Thank you for your feedback. I appreciate you dropping by to offer your input! I apologize for any lack of clarity on my part. Sometimes I forget that occasionally people actually read what I write on this blog. This post was intended to offer five things that volunteers need from leaders, something I did not originally specify in the body or title of the post. It is not meant to be exhaustive or even represent the top five. These are simply five things which I consistently bump into in my local church and in other churches as I interact with fellow CM leaders.

    You raise some important issues which certainly should be considered, at least in part, in the vetting process of recruiting and placing volunteers. I would like to offer a bit of feedback of my own.

    When you say “we” who do you mean? Me? Your church? Someone else? That is, are you being specific or general? You raise the point of the gospel. I would augment your point by asking, “Do they live it out in their lives?” Lots of people can talk a good game, but has the gospel taken root in terms of a personal relationship with the Lord God? You mention connection and the bigger picture: what does that mean for you? Are you speaking of God’s interaction with people in the culture, or are you now speaking of the local church? You conclude by mentioning a love for Jesus that can be shared. Is there any other kind of love in the biblical sense?

    I ask these questions because I deal with volunteers who come from a wide range of backgrounds. Some are more theologically and biblically experienced than others. Some have mature, vital relationships with God and others are young in their faith journey. My point is that while it is important to ensure that those who are teaching and influencing the children love Jesus and are growing in their faith maturity, it is also important to use recruitment language and metrics that provide opportunities for people who are at varied stages in the growth into maturity.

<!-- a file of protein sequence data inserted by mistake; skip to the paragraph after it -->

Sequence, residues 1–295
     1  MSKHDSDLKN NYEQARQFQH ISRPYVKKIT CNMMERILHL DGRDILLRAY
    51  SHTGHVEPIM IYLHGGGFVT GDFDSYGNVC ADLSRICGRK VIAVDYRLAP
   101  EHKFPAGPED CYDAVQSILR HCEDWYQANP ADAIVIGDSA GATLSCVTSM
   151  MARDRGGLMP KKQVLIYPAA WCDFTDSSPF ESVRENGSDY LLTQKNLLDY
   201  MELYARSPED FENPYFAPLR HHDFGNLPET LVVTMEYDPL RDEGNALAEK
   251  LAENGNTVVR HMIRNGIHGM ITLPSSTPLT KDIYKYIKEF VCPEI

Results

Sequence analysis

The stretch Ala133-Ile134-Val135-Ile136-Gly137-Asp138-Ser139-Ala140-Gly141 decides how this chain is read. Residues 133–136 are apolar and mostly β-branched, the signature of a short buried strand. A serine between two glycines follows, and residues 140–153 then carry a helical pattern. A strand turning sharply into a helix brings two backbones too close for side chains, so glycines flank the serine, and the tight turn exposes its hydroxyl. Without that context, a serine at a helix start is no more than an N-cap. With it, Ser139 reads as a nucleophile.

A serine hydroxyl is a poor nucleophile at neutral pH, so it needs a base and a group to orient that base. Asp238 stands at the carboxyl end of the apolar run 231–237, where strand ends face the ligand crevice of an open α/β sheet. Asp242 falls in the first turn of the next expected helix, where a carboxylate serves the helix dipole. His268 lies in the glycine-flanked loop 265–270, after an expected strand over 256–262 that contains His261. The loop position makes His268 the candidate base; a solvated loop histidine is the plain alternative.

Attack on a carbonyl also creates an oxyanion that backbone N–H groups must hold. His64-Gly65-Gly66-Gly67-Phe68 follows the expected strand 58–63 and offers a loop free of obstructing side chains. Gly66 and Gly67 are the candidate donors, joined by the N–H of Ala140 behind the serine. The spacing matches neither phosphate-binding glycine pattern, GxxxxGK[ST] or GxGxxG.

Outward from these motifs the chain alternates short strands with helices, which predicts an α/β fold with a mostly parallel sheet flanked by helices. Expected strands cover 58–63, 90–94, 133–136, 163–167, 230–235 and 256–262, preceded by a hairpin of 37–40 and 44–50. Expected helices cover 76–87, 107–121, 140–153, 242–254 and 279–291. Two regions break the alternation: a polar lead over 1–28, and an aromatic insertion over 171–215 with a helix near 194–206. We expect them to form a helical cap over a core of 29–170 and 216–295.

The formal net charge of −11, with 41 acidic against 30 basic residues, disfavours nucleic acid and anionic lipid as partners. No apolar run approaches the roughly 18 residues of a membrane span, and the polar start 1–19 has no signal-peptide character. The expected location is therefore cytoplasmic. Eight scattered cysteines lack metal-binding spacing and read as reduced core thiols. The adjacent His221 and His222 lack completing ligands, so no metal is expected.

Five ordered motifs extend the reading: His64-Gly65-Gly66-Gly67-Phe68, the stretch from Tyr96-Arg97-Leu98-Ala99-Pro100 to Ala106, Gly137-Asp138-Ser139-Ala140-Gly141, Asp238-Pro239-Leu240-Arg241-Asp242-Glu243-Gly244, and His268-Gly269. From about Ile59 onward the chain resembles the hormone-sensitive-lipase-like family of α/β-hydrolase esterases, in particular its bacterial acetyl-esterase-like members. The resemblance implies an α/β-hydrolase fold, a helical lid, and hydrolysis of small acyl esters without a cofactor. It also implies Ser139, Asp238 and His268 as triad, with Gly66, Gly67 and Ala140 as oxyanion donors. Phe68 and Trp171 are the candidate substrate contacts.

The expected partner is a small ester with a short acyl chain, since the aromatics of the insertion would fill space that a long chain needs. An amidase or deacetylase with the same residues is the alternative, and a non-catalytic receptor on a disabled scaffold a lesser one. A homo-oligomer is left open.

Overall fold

When I was first starting out as a teen, I was not ready to be a teacher for a variety of reasons. But boy-oh-boy, I knew how to capture the kids attention and get them excited about Jesus, or how to show compassion to marginalized kids. So I served as a helper, and later learned to take on more responsibility as I matured.

    How is that for a reply?:) Thank you again for joining the conversation. Interacting with others is how I learn best, so I appreciate the challenging encouragement!

  3. Glen,

    When I used the word “we” in my reply, I was specifically talking about the team I lead. As our team grows in its relationship with God and as we come to understand the gospel more, it changes how we see things. We want to see our volunteers, who are actually connecting with kids, to grow in the same way.

    We find ourselves talking more about God’s grace and seeing what He is doing than anything else. Leading people there doesn’t seem like training.

    I think your post was great. I would love to talk about how we lead our volunteers to talk like Paul does in Phil. 1:21. Could you imagine the impact if they did?